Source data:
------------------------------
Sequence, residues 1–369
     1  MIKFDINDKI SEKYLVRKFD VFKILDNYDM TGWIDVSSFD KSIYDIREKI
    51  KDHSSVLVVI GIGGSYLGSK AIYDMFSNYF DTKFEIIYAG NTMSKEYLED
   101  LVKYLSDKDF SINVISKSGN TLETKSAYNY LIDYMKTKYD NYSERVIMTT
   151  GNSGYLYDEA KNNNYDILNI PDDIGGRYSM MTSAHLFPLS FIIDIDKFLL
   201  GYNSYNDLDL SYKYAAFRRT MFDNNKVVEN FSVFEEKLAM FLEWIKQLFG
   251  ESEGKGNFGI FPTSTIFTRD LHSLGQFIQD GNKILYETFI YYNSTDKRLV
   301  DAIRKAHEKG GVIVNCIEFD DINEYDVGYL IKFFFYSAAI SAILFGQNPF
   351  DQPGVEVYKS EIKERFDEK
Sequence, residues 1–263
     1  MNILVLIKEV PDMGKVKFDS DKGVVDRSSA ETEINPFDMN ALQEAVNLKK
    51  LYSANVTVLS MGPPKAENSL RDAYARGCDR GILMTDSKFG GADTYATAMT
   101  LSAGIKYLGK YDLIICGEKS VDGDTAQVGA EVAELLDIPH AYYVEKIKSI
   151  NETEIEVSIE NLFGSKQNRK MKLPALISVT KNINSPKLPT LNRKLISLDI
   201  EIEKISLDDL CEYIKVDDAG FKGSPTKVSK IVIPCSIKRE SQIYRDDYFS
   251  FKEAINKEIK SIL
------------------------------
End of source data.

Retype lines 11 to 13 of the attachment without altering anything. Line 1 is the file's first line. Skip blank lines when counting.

     1  MNILVLIKEV PDMGKVKFDS DKGVVDRSSA ETEINPFDMN ALQEAVNLKK
    51  LYSANVTVLS MGPPKAENSL RDAYARGCDR GILMTDSKFG GADTYATAMT
   101  LSAGIKYLGK YDLIICGEKS VDGDTAQVGA EVAELLDIPH AYYVEKIKSI